• Driving to work in the UK has reduced by 62% (compared to the start of 2020), which has historically been a mainstay of radio listening. But listening via connected devices has grown, including smart speakers, connected TVs, Chromecast, games consoles, desktops and phones (podcast listening on Acast via Alexa devices is up 26%, and Spotify reports increases on these devices)
  • It’s hard to tell what’s happening with music streaming services, but the small increase of 0.4% during the first week of lockdown (last week of March) suggests it might not be experiencing a dramatic surge – at least not during early lockdown
  • Predictably, listening has been more likely to be spread across the day, as reported for podcasts (instead of the usual peak commuting times) and Spotify (weekdays have looked much more like weekends)

The physical factor of being at home will be responsible for driving a lot of these changes. But what we’ve been particularly interested in is what people have been turning to audio for. What is motivating them to listen.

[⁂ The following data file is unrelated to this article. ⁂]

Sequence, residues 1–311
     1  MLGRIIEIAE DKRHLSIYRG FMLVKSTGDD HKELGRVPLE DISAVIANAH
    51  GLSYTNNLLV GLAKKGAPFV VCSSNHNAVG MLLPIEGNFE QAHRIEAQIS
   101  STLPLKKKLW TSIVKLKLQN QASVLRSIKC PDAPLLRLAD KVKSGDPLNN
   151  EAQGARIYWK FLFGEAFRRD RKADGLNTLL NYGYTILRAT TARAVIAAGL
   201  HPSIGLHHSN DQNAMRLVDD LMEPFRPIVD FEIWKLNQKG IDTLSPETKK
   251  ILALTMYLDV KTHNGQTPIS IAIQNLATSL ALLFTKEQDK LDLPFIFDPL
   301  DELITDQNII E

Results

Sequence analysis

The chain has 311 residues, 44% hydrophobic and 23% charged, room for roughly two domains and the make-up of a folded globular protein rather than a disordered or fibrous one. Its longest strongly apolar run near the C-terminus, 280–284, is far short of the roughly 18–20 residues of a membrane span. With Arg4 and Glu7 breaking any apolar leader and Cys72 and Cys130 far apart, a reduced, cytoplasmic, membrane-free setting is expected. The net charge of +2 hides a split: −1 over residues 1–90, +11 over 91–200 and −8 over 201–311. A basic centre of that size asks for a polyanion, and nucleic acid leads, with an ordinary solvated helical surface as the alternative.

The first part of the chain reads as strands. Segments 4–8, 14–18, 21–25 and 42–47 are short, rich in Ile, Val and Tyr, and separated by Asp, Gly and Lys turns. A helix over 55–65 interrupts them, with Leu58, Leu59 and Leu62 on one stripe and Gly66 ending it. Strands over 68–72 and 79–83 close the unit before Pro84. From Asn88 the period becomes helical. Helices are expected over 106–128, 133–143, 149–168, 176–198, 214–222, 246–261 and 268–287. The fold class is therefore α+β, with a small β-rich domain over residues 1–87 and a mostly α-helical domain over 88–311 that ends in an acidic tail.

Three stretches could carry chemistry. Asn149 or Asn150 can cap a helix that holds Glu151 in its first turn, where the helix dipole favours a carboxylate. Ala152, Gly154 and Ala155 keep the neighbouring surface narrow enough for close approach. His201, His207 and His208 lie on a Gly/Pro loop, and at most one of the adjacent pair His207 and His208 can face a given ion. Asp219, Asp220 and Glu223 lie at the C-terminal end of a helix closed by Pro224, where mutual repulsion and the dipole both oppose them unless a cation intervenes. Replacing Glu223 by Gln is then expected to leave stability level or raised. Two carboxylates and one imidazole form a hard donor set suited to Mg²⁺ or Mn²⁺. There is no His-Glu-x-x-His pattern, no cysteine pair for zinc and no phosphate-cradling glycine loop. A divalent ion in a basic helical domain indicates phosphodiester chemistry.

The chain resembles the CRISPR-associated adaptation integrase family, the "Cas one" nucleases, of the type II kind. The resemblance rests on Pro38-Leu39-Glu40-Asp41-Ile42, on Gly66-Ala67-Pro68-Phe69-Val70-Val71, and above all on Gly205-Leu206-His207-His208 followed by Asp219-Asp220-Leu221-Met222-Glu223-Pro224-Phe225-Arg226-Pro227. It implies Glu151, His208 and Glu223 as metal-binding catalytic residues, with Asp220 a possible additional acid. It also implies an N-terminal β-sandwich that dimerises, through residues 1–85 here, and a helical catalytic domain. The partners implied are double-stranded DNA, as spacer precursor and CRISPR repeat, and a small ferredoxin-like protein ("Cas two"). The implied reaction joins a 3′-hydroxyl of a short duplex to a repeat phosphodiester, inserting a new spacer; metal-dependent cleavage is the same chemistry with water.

5 main audio needs delivered during lockdown

1 – Being informed

In an unpredictable world, radio has become an increasingly key source in helping listeners feel informed and stay on top of world events across the day. Staying Connected During the COVID-19 Crisis research reports that 89% of respondents say that commercial radio is helping them stay informed, and 68% agree that it delivers trusted news. During early lockdown, Spotify also observed an increase in interest in news podcasts and responded by creating a COVID-19 hub that collects the relevant podcasts in one place – though this has since shifted towards other types of listening (more later).

2 – Learning